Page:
This can be seen not only in the hyper and near logorrhea manner of certain talkers like Chapo, but within the desperate need to appear to be part of a network so that, for example, when ContraPoints publicly acknowledges another YouTube talker who in turn responds publicly, it is a way for the participants to both separate themselves from their group and attach themselves to it as both totem and participant.
Taken altogether this curious cultural tic is representative of anxiety in the face of an all-consuming system – a system that is both a set of dominant narratives as well as displays of power manifested in the blunt realities and traumas of the post industrial waste land, the Gotham-esque “Batman villain” quality of Trump, the live, in real time broadcasts of assorted environmental catastrophes or “terrorism events” which are then absorbed by the vast corporate bladder and sprayed back out at the shell shocked jitters and shakes public in the form of “event” and “prestige” television that provides excuses for group hysteria as “fans” obsess over GOT, TWD, or WW.
All of that in turn repeats the process as the use of references to referential narrative systems become ubiquitous, and in the manner of early renegade Christians, one draws a fish in the sand and if the code is understood, so be it but if not, one erases it, dismisses it as a mere doodle, and recedes into the shadows.
But, and this is crucial, the early Christians were authentic renegades.
The contemporary talkers, however correct they are in their deconstructions of assorted other talkers, all exist in symbiosis with each other and exhibit a kind of paralysis in which talking about action replaces action and, more importantly, the spectacle or imitation of action is, like television shows, treated as if it were authentic participation.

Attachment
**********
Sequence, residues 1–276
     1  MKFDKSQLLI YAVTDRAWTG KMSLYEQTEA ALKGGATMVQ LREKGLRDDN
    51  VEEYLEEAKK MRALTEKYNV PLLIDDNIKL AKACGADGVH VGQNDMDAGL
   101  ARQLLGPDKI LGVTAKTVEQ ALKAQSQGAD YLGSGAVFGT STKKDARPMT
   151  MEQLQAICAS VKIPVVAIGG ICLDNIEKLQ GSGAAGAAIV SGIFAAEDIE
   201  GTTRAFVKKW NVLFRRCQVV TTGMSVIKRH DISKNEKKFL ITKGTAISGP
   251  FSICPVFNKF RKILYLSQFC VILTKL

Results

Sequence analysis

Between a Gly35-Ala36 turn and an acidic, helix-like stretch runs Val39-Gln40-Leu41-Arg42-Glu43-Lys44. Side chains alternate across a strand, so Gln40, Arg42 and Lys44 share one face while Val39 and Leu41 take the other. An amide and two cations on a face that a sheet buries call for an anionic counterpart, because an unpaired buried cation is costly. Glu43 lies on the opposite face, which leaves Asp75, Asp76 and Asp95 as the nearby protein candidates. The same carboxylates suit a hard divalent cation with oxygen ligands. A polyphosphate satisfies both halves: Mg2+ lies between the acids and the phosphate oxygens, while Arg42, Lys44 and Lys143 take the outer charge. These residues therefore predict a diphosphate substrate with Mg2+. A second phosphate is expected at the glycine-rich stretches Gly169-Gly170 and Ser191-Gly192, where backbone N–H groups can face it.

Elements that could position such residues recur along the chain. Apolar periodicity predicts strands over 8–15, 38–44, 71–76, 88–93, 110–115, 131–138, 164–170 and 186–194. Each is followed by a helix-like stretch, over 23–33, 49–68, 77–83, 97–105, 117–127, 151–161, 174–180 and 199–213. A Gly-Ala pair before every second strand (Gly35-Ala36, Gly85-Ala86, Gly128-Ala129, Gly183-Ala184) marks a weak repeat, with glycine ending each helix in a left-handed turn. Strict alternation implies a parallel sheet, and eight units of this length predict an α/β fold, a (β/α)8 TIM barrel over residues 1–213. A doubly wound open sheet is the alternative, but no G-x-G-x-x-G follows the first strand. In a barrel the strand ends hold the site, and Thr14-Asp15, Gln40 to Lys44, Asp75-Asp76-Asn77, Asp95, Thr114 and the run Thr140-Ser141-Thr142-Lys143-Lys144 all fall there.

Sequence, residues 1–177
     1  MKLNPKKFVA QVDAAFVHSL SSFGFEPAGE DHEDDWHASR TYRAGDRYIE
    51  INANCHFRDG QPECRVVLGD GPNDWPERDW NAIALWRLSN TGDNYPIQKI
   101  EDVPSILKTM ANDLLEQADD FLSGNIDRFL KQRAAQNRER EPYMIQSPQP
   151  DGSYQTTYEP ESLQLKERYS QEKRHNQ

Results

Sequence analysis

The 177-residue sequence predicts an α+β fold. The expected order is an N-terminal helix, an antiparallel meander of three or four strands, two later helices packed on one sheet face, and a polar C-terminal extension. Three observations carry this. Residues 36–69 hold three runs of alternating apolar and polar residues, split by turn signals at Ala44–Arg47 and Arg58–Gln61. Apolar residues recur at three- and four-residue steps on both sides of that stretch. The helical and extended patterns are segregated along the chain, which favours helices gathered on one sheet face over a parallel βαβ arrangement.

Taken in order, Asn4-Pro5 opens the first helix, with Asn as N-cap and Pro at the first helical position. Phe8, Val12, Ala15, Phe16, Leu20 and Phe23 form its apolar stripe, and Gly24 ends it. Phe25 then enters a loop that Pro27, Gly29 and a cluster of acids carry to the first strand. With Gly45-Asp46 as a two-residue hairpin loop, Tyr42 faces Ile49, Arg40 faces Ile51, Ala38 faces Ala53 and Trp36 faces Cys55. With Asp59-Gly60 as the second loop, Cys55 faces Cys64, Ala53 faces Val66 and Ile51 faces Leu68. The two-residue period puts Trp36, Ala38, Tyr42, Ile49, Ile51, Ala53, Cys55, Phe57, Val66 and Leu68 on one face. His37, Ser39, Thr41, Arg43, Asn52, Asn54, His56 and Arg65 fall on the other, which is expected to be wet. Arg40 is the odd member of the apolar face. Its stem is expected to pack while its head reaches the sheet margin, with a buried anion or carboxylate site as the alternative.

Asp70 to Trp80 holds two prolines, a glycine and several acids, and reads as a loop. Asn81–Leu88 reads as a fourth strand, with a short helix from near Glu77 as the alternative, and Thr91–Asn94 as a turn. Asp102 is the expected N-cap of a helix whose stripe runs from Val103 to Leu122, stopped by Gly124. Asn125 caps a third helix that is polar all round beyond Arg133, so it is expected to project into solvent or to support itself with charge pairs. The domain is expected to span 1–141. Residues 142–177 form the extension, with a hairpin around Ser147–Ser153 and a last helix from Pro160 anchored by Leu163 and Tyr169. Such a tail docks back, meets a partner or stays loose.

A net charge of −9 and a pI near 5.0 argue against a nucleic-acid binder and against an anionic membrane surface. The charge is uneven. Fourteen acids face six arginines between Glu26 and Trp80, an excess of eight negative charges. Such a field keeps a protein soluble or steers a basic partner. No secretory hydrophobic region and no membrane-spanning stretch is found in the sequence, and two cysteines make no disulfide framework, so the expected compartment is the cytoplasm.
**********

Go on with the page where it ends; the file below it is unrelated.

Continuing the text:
While this stupor can be and has been connected to the systemic malaise that flows from mass culture and its assembly line dead on arrival banality, notice that what goes missing, is any consideration that the anxiety, while legitimate, is a nervous tic generated by the sense of dread that, you’re being watched, listened to and recorded, and that references to references within a set of cultural codes, are a survival mechanism in the face of a terminal eliminating surveillance.
That the narrative system of references is crippled while significant, does not diminish its importance as a vector of the current plague.
Consider this from, Foucault (sic!):
“Our society is not one of spectacle, but of surveillance; under the surface of images, one invests bodies in depth; behind the great abstraction of exchange, there continues the meticulous, concrete training of useful forces; the circuits of communication are the supports of an accumulation and a centralization of knowledge; the play of signs defines the anchorages of power; it is not that the beautiful totality of the individual is amputated, repressed, altered by our social order, it is rather that the individual is carefully fabricated in it, according to a whole technique of forces and bodies.”
We would add a particular contradiction. Namely that as the not-quite an individual asserts their theoretical individuality by enmeshing themselves with a series of references, precisely as they become identified, they become invisible. This is similar to the commercial star/product or film star who, as they become synonymous with a character or a type, become incapable of vanishing and yet, vanish because they are always present.
In a society of mass surveillance in which “privacy is dead” the individual is always visible and thus, paradoxically, always erased.
To assert one’s visibility by utilizing elaborate systems of narrative codes, is to repeat or mirror the process of surveillance. The use of codes establishes the visibility of both the speaker and the one who responds. They assert through obscure references that they are visible to each other and though present remain invisible to those who are not “hip to the jive.”
This is of course an ancient habit (e.g., shibboleth) but in a society of mass surveillance it is either an authentic method of establishing kinship as genuine members of the authentic resistance, or as genuine and authentic impostors succumbing to the anxiety of always being observed, and as a result being reduced to a symbiosis with both the oppressor and the methods and systems of the oppressor.